Pamela Bell, the chief executive of industry organisation Prefab NZ, had also heard rumours of a potential deal between Housing NZ and Fast House and said her organisation had been advocating for the abilities of local businesses.

“In New Zealand there is inherent capacity and capability - some of it is visible and some of it is not visible.”

Bell said Housing NZ was “making all the right moves” in expanding its use of innovative designs like prefabricated housing, but it was important to focus on local economic development.

“We really need to try and look at this all holistically and with a longer term vision for growing our skills development and regional development; those things are really important for our construction industry to morph and change and become more valuable to New Zealand.”

John Arnold, a New Zealand-based sales agent for Fast House, told Newsroom the company was “close to finalising” a deal with Housing NZ.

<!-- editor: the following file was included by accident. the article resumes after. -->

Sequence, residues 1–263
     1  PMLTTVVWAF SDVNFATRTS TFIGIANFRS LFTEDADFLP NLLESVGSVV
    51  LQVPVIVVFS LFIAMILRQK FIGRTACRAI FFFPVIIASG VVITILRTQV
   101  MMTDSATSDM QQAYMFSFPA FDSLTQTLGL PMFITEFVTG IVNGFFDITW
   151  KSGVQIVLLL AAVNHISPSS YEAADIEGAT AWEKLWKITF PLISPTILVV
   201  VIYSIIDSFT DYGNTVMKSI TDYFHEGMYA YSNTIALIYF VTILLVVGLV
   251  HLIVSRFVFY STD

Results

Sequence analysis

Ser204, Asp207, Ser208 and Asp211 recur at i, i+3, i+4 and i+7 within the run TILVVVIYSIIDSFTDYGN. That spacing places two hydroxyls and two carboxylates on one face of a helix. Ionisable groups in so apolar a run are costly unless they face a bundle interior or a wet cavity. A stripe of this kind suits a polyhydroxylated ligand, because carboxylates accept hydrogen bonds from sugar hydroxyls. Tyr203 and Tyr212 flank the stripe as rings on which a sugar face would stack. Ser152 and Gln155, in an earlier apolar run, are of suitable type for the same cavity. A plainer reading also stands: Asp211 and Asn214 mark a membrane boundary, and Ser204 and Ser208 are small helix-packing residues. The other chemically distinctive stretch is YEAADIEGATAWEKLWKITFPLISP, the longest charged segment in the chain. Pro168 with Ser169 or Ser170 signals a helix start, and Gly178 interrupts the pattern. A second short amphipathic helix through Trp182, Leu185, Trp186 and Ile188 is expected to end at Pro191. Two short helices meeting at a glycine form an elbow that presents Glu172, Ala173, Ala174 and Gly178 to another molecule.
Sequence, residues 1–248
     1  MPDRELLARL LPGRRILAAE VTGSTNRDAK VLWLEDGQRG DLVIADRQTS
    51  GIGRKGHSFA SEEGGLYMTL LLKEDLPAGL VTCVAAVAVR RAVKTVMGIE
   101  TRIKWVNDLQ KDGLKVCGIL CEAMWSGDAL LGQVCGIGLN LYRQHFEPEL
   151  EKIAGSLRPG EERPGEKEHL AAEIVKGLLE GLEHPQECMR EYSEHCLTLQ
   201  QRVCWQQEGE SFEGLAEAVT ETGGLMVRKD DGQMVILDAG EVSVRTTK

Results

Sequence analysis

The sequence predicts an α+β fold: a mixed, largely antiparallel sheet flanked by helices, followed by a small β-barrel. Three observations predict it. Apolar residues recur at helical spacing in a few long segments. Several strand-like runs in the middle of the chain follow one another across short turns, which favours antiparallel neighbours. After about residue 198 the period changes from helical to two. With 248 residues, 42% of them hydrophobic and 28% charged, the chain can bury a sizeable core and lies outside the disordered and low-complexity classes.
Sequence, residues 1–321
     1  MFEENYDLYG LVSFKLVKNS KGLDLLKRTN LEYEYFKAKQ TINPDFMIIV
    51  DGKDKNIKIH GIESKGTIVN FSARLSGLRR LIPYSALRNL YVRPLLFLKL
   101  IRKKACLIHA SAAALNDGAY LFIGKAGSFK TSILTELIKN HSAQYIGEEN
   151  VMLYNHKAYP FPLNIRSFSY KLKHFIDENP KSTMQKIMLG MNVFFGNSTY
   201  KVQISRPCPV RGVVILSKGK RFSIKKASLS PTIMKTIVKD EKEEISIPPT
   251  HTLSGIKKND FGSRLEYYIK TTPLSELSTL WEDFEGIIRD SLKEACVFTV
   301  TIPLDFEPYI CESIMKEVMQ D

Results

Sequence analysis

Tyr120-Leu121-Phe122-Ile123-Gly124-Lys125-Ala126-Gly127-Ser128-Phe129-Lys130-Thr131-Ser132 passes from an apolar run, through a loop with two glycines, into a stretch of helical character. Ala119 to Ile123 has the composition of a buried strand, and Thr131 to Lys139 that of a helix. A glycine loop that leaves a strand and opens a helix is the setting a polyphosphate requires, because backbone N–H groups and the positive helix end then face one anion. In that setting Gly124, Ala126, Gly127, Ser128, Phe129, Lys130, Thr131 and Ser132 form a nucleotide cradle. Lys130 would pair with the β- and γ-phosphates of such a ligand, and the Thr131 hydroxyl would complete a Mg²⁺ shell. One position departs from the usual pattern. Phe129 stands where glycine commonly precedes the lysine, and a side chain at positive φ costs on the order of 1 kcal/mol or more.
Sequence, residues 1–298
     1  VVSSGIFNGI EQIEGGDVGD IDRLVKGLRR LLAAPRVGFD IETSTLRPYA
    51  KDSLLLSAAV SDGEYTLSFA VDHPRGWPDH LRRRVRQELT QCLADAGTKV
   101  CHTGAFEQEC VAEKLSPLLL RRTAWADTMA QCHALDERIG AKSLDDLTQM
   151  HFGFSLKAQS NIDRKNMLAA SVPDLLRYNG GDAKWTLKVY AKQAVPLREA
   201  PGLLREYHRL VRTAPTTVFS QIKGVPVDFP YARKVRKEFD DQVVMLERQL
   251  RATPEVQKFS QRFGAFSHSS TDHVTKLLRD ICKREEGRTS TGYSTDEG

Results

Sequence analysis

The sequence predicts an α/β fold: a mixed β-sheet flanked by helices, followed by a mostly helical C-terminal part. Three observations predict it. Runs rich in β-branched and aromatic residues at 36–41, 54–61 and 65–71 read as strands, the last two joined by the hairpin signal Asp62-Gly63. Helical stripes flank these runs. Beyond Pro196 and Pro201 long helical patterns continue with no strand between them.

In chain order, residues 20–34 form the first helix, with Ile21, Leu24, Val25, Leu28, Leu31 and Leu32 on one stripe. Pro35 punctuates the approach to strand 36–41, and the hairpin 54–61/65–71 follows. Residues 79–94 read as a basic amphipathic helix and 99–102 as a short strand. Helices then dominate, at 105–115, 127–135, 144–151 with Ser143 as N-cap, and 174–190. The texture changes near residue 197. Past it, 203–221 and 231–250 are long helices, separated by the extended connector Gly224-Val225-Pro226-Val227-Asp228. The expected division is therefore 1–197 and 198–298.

However, Arnold said he could not comment about any discussions without Housing NZ’s approval.

A Housing NZ spokeswoman refused to answer questions about the organisation’s discussions with Fast House, but said it had “signalled to our industry partners” that it was moving away from a project-by-project contracting model to multi-year deals.

“When Housing NZ is ready to establish multi-year supply arrangements, we will be required to run an open market process to appoint parties, regardless of whether they are domestic or offshore.”

The spokeswoman said Fast House was not a current member of its open panel of prefabricated and modular housing providers, which were chosen on a project-by-project basis.

See Sam's article on Newsroom Pro.

4. Synthetic foods are coming. Are we ready?

New Zealand's chief scientist says synthetic foods pose a real threat to agricultural exporters, but better regulation of genetic modification could create an equally large opportunity, Newsroom's Lynn Grieveson reports.